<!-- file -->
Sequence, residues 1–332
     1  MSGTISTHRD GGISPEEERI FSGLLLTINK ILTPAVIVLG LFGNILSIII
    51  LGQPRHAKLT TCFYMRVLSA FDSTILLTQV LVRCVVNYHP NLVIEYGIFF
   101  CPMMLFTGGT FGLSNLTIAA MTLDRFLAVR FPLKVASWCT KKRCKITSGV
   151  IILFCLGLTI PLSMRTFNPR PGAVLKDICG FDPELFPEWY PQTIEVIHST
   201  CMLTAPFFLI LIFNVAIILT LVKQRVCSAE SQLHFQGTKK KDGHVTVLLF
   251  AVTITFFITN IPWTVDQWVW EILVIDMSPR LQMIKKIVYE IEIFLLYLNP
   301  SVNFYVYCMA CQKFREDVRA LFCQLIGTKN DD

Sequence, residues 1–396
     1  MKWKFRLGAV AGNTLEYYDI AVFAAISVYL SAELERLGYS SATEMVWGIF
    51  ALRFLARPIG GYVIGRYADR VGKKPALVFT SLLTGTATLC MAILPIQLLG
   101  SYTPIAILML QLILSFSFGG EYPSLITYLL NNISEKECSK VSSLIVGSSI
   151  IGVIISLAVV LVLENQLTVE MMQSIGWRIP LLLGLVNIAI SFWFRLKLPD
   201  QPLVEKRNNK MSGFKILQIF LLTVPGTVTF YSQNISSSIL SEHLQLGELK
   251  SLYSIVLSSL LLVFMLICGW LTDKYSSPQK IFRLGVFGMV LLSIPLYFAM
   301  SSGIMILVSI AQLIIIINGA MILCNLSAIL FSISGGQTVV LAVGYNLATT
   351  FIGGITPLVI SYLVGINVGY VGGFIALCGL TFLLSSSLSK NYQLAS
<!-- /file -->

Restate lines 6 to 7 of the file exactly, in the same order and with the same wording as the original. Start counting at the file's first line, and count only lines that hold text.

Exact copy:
   201  CMLTAPFFLI LIFNVAIILT LVKQRVCSAE SQLHFQGTKK KDGHVTVLLF
   251  AVTITFFITN IPWTVDQWVW EILVIDMSPR LQMIKKIVYE IEIFLLYLNP